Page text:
Helen’s treat for the day was a visit to Styal Mill, the history of which – dating from the late 18th Century, can be found here.
We first visited the Apprentice House, where a well informed lady called Jenny gave us a conducted tour of the building in which about 90 children at any one time (60 girls and 30 boys) spent up to ten years of their lives working as apprentices in the mill – 12 hours a day for 6 days a week. The much worse alternative was the workhouse.
It was unusual in those times for a doctor to be available, but Samuel Greg’s mill employed one. His medicine chest may have included some of the items displayed below.
Fresh vegetables were available from the garden, but porridge featured heavily in the children’s diets. The spoon is standing up for a reason – the porridge is solid and could be cut into chunks for the apprentices to eat on their way to work – it was more than poor form to be late for that.
The National Trust, aided by volunteers and charitable donations, are slowly making big improvements and extending the area available to visitors. We hadn’t been in the gardens before. They are very much ‘work-in-progress’, but at least the glass houses have been renovated and the gardens are open to the public.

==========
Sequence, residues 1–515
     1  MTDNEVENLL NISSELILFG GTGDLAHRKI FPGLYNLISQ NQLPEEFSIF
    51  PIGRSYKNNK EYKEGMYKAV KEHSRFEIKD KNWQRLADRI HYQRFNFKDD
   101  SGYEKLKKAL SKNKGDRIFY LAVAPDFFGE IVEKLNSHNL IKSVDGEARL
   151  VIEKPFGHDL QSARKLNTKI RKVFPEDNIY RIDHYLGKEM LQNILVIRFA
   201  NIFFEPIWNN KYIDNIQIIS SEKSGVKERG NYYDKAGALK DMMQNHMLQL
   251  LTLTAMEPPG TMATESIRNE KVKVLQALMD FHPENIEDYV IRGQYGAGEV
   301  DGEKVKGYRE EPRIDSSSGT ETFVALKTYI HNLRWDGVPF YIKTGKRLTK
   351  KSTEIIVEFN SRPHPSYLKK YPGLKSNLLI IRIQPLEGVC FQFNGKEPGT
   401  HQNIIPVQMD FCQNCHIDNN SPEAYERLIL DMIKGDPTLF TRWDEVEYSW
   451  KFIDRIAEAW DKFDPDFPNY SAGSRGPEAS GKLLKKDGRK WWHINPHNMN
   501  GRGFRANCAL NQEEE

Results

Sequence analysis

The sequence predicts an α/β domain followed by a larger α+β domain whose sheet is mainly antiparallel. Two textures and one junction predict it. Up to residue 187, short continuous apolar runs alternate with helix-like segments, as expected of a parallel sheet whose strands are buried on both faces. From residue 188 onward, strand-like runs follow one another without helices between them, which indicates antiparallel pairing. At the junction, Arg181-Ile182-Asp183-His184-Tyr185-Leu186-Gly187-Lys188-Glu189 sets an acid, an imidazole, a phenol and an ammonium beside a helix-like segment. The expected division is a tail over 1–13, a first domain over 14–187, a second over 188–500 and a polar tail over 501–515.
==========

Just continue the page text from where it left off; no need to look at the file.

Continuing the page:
Here, Sue and Helen explore the greenhouse on the left of the above picture.
The gardens are not all as bare as the top garden shown above!
From the bottom of the gardens the owner’s house provides a backdrop to the River Bollin. Following renovations, that house should soon be open to the public.
Here’s a view of the mill from the lower gardens.
And here’s the classic view of the mill, beside the River Bollin, whose waters provide the power. The waterwheel has been renovated and is now the most powerful working waterwheel in Europe. Its width and its diameter are both in the order of 7 metres. It’s massive!
After lunch we did the full tour of the mill, but I took no further pictures.
If you haven’t been recently, it’s a good day out.